It is clear to me that there are significant opportunities to improve supply chain efficiencies in our industry.

For those working within, from property to planning to design to construction to asset management, it is apparent that we can do things more effectively and efficiently, both in project delivery and the commercial environment.

By way of example, I recently used my credit card to purchase a train ticket online from SJ (a government-owned passenger train operator in Sweden.) A few minutes after this purchase, I happened to check my bank account on my laptop. I was quite surprised to see that the transaction I had just made on my credit card was already recorded as a future debit, mere moments after I had made the online transaction, and the ticket was immediately texted to my smart phone.

Yet in our built environment industry we are still having substantial, and often significant, delays in communication between components of our supply chain. For example, this is apparent on the asset management side of things, where we often fail to accurately record where and by whom operational or maintenance work has been carried out. Additionally, there is a lack of understanding of asset portfolio costs for transport infrastructure networks or for building and housing stock.

Our industry is progressively improving by comparing ourselves with best practice within the Australian context. However, I often feel we are missing out on significant learning opportunities by not tapping into the experiences of other industries and through international comparisons.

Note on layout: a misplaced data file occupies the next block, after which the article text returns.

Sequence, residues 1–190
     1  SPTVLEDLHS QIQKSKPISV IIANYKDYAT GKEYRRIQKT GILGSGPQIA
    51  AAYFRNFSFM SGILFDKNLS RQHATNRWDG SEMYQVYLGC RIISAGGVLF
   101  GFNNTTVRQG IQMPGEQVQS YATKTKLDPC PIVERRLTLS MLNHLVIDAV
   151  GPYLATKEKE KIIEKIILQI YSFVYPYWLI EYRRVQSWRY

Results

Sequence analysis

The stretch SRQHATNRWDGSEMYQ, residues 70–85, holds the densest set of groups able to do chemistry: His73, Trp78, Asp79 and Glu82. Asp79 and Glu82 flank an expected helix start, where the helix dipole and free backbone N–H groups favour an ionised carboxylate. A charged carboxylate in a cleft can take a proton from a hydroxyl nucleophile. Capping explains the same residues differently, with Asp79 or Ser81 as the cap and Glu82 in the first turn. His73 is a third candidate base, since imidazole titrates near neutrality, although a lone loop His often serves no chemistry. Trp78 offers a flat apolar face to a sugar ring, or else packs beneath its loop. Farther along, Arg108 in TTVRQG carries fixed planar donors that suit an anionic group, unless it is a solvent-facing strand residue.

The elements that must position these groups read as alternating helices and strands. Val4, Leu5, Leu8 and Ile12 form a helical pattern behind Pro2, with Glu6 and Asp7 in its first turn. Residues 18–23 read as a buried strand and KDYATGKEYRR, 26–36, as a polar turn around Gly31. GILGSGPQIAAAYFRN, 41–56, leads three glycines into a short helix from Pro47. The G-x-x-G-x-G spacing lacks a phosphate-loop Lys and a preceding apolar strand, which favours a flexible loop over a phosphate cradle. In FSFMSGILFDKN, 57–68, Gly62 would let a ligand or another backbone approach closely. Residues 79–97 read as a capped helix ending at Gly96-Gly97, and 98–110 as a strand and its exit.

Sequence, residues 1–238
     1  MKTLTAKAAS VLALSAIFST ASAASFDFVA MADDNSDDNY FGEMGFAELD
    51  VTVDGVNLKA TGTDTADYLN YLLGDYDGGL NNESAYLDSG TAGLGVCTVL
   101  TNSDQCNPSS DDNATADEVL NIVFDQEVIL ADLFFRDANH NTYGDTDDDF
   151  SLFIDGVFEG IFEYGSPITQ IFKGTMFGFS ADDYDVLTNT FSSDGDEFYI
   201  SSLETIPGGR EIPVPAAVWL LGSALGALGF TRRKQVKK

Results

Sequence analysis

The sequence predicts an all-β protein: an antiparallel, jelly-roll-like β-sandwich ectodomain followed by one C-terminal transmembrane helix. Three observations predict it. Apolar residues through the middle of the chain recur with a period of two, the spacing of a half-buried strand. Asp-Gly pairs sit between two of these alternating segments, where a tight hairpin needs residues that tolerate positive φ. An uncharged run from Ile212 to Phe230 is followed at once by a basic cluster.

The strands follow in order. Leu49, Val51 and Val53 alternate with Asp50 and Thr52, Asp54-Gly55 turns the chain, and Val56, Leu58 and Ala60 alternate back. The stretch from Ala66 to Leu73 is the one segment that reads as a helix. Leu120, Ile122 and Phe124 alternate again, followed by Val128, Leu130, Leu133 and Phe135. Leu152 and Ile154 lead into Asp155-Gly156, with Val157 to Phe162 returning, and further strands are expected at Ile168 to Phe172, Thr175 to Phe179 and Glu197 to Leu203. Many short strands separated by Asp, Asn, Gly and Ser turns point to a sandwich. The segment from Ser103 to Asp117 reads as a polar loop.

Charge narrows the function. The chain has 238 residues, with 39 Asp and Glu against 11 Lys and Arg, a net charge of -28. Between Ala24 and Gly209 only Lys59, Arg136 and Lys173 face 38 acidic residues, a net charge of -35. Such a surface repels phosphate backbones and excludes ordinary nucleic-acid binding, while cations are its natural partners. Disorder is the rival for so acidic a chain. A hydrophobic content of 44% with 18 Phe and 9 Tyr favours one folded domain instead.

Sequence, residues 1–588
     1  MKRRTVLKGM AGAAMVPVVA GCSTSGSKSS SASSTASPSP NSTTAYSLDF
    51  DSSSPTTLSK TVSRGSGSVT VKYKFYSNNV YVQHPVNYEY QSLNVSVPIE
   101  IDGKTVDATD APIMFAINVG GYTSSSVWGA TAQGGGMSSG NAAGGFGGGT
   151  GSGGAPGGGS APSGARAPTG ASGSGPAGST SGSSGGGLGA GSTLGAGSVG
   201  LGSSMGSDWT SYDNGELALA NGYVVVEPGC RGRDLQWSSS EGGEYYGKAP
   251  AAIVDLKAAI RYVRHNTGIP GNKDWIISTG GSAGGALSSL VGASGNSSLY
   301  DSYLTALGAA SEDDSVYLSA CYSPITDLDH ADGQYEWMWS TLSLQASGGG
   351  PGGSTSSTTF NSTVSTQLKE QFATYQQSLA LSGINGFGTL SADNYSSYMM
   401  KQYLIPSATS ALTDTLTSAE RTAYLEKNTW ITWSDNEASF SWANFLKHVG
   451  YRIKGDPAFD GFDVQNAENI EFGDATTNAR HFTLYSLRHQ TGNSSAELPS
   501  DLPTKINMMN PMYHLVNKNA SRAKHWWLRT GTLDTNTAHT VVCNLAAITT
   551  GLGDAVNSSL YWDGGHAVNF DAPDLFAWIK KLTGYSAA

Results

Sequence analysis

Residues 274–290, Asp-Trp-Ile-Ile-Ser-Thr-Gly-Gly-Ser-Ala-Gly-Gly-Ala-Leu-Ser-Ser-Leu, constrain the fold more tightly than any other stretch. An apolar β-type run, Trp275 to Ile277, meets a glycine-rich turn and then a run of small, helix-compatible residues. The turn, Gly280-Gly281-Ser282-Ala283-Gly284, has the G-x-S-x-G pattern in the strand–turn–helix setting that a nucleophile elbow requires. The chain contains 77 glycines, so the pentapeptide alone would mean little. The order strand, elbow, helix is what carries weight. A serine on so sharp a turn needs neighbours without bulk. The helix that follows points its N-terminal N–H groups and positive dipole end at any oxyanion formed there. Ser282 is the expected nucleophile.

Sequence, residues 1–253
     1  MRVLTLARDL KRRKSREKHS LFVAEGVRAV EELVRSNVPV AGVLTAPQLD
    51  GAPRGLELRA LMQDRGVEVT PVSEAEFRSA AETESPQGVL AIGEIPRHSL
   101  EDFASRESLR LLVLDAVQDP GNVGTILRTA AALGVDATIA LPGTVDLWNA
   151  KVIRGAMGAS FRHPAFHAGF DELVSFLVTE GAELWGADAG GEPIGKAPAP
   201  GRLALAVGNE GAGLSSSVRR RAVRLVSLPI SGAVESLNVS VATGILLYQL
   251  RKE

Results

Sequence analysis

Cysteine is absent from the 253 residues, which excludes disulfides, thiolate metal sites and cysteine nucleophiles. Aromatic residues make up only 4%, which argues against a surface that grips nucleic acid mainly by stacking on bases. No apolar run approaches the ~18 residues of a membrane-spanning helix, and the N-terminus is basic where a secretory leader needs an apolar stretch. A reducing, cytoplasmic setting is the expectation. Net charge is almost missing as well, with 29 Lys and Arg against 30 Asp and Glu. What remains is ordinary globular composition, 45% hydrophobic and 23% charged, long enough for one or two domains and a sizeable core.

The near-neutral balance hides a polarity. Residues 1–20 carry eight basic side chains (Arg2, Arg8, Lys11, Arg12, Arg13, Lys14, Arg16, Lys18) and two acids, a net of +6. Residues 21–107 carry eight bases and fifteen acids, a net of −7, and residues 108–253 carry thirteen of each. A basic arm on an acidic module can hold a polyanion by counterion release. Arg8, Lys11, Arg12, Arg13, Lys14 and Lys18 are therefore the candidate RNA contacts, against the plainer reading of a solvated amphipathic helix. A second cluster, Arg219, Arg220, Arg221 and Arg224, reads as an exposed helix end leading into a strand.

But we must first understand what it is that we are seeking.

Before we can develop the most appropriate skill sets to meet our needs, we first have to understand the requirements that will better integrate property, planning, design, construction and asset management in the supply chain. Which improvements are we seeking and how are we going to measure relative performance in those areas?

In the coming decades, Australia and other countries will be facing challenges as a result of rapid technological progress. It’s fair to say that globally there is a lack of ability to compare like-with-like across specific performance criteria in supply chain improvement. The European Union has also recently called for applied research around construction industry skills to integrate the digital supply chain.

The underlying message here is that we still have a long way to go. Improving our skill sets will allow us to achieve better productivity for the industry and make our industry more intellectually attractive to the next generation.

I would like to share an example I heard recently from Skanska, a world leading project development and construction group. Skanska’s CEO for Finland, Tuomas Särkilahti, recently delivered an impressive presentation at the eighth Nordic Conference on Construction Economics and Organization on Continuous Improvement of Operational Efficiency.

Skanska has a Five Zeros Vision:

  1. Zero loss-making projects
  2. Zero environmental incidents
  3. Zero accidents
  4. Zero ethical breaches
  5. Zero defects

Skanska’s construction analysts are focused on how they can improve productivity, recognising the impact of quality and safety. They track specific performance assessment indicators around safety, customer satisfaction, employee well-being and profitability. They also seek to identify the root cause of any issues. For example, when tracking the Lost Time Accident Rate, they identified that an organisational culture of personal responsibility and caring has a positive impact on lowering the number of workplace incidents and reflects positively on customer satisfaction and profitability.

What I took away from this presentation is that our industry needs to learn how to identify the root cause of issues that prevent us from improving productivity across the supply chain. We need to develop appropriate performance indicators, record and analyse data, and ensure there is follow-up for appropriate corrective action. Knowledge development, learning through partnerships, and measuring and continuous improvement are all part of the construction productivity picture.

I look forward to seeing Australia’s built environment continue its uptake of integrating digital technologies and appropriate performance measurement to improve supply chain efficiencies in our industry.